The Berlin Stock Exchange in Imperial Germany: A Market for New Technology?
- (pp. 3558-76)
AbstractAnalyzing 474 cases of firms going public in the German capital between 1892 and 1913, we show that innovative firms could rely on the Berlin stock market as a source of financing. Our data also reveal that initial public offerings (IPO) of innovative firms were characterized by particularly low underpricing, comparatively high first trading prices, and no long-run underperformance. We interpret these empirical results as evidence for the surprising fact that in the period of the Second Industrial Revolution the Berlin stock exchange was already a well-functioning market for new technology.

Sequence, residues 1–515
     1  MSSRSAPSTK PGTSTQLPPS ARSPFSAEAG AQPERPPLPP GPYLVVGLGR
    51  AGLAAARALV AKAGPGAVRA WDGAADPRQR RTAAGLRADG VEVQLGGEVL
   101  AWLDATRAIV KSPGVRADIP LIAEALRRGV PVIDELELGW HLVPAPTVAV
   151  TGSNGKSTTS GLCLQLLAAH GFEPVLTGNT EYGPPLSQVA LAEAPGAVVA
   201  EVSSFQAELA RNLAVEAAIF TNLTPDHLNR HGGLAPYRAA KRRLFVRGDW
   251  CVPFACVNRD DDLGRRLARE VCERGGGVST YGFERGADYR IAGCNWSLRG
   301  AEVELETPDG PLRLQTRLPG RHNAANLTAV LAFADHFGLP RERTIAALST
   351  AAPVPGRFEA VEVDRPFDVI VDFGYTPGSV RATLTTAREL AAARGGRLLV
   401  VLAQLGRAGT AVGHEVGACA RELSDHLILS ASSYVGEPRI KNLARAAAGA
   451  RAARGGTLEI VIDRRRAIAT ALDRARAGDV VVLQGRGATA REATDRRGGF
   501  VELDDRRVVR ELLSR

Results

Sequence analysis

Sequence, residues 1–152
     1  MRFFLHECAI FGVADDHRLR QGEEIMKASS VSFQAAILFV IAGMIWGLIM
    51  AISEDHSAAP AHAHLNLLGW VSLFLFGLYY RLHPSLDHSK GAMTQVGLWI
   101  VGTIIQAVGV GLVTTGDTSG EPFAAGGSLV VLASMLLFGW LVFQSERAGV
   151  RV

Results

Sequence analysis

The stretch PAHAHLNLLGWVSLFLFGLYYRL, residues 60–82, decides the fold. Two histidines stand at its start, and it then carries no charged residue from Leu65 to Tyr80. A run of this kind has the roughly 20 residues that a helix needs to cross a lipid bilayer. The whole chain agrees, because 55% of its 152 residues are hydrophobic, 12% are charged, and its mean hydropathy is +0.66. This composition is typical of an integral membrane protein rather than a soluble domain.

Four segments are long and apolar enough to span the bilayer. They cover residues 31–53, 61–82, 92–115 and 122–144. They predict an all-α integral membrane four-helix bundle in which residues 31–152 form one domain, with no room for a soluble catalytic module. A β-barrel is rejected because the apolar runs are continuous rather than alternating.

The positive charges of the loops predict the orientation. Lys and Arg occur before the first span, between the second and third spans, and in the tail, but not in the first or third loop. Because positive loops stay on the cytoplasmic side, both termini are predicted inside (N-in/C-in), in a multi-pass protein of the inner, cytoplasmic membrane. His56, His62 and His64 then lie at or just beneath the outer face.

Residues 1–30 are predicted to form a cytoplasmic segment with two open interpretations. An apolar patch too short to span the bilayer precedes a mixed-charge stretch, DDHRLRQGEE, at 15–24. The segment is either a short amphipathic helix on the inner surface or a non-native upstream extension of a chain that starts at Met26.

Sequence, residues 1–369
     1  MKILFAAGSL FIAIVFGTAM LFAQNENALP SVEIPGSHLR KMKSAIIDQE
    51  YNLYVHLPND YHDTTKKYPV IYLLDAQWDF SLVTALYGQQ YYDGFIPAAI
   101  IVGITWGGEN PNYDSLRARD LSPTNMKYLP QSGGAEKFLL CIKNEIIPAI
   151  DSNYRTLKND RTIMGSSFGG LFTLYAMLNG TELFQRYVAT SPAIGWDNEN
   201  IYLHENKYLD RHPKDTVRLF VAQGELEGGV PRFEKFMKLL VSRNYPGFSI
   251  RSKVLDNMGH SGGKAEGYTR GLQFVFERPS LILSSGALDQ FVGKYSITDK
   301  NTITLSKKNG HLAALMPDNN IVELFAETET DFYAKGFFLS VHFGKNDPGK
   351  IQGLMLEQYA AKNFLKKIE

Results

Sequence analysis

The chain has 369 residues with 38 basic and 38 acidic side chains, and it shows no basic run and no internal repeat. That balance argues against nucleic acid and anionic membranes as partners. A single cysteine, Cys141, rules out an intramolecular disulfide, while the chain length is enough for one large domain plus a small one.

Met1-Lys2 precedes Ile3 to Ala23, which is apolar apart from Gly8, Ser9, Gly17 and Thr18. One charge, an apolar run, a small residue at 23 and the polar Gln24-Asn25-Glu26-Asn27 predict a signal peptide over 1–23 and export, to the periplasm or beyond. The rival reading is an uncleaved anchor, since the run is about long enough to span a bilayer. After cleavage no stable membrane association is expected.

CitationLehmann-Hasemeyer, Sibylle, and Jochen Streb. 2016. "The Berlin Stock Exchange in Imperial Germany: A Market for New Technology?" American Economic Review, 106 (11): 3558-76. DOI: 10.1257/aer.20150626
- G14 Information and Market Efficiency; Event Studies; Insider Trading
- G21 Banks; Depository Institutions; Micro Finance Institutions; Mortgages
- G24 Investment Banking; Venture Capital; Brokerage; Ratings and Ratings Agencies
- G32 Financing Policy; Financial Risk and Risk Management; Capital and Ownership Structure; Value of Firms; Goodwill
- N23 Economic History: Financial Markets and Institutions: Europe: Pre-1913